Unit 2 Learer Objectives [Corresponding Example Course Outcome #]
- Find necessary conversion factors and convert between SI and non-standard units for several physical quantities. 
- Perform order of magnitude estimation. 
- Provide definitions for, and describe the connections among, distance, speed, position, displacement, velocity, and acceleration. 
- Apply basic kinematics to analyze the motion of objects and model experimental data .
1) What is the height in meters of a person who is 6 ft 1.0 in. tall? (Assume that 1 meter = 39.37 in.)
2) The speed of sound is measured to be 342 m/s on a certain day. What is this in km/h?
3) Soccer fields vary in size. A large soccer field is 115 m long and 85 m wide. What are its dimensions in feet + inches? (Assume that 1 meter equals 3.281 feet.)
4) Tectonic plates are large segments of the Earth’s crust that move slowly. Suppose that one such plate has an average speed of 4.0 cm/year. (a) What distance does it move in 1 s at this speed? (b) What is its speed in kilometers per million years?
5) Make an order of magnitude estimate of the number of cells in a hummingbird, assuming all the cells are the same size and approximating the the mass of an average cell to be ten times the mass of a bacterium. Be sure to cite your source for the size of a bacterium. (b) Making the same assumption, how many cells are there in a human?
6) Explain the difference between distance and displacement.
7) Explain how velocity relates to position and how acceleration relates to velocity.
8) An object is thrown into the air and then caught. Assume the speed is slow enough that air resistance is negligible.
a) How much speed does the object lose each second on the way up?
b) What is the speed at the peak height?
c) How much speed does the object gain each second as it falls back down?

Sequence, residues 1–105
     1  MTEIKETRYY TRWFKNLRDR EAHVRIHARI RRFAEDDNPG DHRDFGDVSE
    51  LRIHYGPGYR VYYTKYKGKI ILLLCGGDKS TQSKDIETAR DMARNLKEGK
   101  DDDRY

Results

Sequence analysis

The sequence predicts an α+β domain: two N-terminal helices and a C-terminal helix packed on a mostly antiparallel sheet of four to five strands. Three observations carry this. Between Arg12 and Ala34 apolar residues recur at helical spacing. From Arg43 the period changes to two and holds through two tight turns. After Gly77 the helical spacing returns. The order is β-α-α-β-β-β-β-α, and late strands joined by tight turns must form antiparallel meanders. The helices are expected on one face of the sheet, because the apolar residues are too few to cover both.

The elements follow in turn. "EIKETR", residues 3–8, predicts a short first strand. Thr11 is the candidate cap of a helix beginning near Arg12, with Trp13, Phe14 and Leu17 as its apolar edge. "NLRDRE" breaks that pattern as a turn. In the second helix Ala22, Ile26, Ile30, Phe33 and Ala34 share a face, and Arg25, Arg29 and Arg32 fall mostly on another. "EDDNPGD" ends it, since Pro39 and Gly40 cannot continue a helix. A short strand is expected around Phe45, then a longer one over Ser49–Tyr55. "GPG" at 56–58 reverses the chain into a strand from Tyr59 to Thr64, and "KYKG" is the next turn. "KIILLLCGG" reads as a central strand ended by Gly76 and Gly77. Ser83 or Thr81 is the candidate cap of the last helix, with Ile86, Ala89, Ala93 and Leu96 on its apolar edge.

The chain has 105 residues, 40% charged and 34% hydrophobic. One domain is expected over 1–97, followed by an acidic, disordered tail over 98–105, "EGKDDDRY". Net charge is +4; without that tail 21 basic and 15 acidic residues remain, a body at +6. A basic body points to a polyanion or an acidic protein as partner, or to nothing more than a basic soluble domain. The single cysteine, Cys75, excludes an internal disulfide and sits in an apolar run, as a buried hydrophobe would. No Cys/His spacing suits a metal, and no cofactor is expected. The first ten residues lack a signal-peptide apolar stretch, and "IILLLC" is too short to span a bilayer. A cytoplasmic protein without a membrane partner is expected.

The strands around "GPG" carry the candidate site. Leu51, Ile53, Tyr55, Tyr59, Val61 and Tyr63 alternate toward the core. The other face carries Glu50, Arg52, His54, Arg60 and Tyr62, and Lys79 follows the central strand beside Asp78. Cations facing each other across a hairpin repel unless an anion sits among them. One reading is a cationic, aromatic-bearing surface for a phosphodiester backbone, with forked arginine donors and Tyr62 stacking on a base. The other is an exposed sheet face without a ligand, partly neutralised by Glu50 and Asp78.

d) Are the starting and finishing speeds the same?
e) Are the starting and finishing velocities the same?
9) A toddler runs away from a parent at 0.3 m/s for 3 s, stops for 2 s to see if they are being chased.
a) Draw a velocity vs. time graph for the toddler’s motion
b) Draw an acceleration vs. time graph for the toddler’s motion
c) Draw a position vs. time graph for the toddler’s motion (you will need to calculate the displacements that occur during each interval in order to draw this graph).
10) Upon realizing they might be chased after the 2 s stop, the toddler from the previous exercise begins slowly walking away and increasing speed into a run, reaching a speed of 0.4 m/s only 3 s later.
a) Complete the acceleration vs. time graph for the toddler’s motion, now including this new motion. You may draw a new graph or add to your previous graph in a different color. (You will need to calculate the acceleration during this last part of the toddler’s motion in order to complete this graph).
b) Complete the velocity vs. time graph for the toddler’s motion. You may draw a new graph or add to your previous graph in a different color. (You will need to use the acceleration you found above to calculate a change in velocity to complete this graph).
c) Complete the position vs. time graph for the toddler’s motion. You may draw a new graph or add to your previous graph in a different color. (You will need to use the acceleration you found above to calculate displacements to complete this graph).
11) Describe the motion depicted by the following velocity vs. time graph. The vertical axis tick marks indicate 1 m/s intervals, starting from zero m/s at the horizontal axis.
12) Draw the acceleration vs. time graph associated with the velocity vs time graph above.
13) Draw the position vs. time graph associated with the previous velocity and acceleration vs. time graphs.